At the end of June 2016, a hacker, with the moniker “The Dark Overlord (TDO),” claimed a compromise of a medical Software as a Service (SaaS) company’s product.
As proof, TDO offered to sell source code and other software underlying infrastructure secrets to the highest bidder, with it being shopped for approximately 800 bitcoin, or about $500,000.
Why is this significant? It was simply another hacker holding a company ransom which happens all the time, right?
Wrong. This incident seems to be a seismic shift from what has been done previously. It is noteworthy, as it demonstrates a significant move in motivations and may drive a new strategy to how businesses can avoid escalation of ransomware activity.
First, consider the beginnings of ransomware. Back in 2012-13, the goal of ransomware was to send a phishing email to a victim, deceive them to click on a link or open an attachment, then load malicious code that would encrypt data files (Word, PPT, and Excel).
For a few hundred dollars, threat actors would send keys to victims to unlock the files. This was a solid business model for a few years. However, ransomware actors quickly began targeting small businesses with the goal to not only lock a user’s machine, but also attempt to affect file sharing as well as laterally move to other workstations. At this point, perpetrators were netting thousands of dollars from businesses versus a few hundred dollars from individuals.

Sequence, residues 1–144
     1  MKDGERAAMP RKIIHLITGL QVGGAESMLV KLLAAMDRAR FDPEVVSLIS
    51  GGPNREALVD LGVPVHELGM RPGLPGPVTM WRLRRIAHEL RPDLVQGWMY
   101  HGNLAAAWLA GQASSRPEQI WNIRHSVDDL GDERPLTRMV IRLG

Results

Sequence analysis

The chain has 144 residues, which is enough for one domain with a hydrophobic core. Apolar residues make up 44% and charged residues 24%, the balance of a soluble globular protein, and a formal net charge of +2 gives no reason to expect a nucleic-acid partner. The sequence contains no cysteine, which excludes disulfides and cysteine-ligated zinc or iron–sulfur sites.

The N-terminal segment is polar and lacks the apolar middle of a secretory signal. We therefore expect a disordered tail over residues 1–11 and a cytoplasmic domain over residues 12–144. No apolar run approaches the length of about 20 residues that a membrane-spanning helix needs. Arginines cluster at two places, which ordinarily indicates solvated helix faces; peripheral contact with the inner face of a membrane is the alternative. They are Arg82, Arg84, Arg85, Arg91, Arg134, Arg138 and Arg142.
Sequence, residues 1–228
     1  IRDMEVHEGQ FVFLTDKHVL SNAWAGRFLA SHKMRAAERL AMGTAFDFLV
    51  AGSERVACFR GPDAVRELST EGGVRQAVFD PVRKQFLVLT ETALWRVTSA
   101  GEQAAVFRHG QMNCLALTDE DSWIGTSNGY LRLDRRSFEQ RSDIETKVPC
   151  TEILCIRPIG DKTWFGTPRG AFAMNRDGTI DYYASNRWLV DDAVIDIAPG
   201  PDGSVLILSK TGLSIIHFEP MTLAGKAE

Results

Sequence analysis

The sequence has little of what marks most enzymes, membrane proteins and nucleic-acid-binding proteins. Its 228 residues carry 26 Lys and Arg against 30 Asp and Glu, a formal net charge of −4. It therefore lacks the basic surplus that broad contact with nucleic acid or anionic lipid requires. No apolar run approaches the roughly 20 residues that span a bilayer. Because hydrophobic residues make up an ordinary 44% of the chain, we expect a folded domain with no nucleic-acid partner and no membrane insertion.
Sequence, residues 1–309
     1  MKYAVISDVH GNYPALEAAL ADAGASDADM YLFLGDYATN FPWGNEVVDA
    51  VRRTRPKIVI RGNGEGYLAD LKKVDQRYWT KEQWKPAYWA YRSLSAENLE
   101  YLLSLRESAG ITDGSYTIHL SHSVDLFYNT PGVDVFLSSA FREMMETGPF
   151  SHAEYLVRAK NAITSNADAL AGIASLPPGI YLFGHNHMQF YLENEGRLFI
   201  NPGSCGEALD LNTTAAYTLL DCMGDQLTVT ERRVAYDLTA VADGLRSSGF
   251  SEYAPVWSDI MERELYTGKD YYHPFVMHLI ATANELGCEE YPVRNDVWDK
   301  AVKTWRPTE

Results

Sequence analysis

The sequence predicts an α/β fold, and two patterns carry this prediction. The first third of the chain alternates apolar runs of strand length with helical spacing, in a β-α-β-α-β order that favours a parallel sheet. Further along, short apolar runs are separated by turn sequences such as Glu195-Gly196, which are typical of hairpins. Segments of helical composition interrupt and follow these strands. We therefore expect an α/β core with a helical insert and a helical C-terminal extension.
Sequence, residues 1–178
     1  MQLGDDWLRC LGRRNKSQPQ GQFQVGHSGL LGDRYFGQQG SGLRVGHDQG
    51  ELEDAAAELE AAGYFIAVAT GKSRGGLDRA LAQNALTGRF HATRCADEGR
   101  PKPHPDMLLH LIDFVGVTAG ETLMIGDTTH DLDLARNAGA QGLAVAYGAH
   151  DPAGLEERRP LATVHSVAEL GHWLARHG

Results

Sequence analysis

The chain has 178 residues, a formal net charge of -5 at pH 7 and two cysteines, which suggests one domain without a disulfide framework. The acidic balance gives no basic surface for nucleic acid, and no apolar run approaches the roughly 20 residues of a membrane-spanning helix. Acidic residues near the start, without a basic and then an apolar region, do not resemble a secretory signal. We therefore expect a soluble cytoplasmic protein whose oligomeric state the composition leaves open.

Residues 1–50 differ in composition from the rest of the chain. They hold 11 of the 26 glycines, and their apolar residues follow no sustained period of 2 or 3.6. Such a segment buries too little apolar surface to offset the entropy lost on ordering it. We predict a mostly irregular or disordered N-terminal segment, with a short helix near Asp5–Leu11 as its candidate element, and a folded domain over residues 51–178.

SEE ALSO: Closing the Door on Cyber Criminals
The ransomware actors seemed to be content with a small-business approach from 2014 until the spring of 2016. In April/May of this year, threat researchers detected that ransomware actors were attacking webservers. For instance, the SamSam ransomware perpetrators were observed scanning the internet seeking servers operating vulnerable versions of the JBOSS platform.
Once compromised through vulnerable JBOSS versions, cyber criminals could then establish web shells at will and hold both servers and data for ransom. This became quite the transition as criminals upped their demands to the tens of thousands of dollars.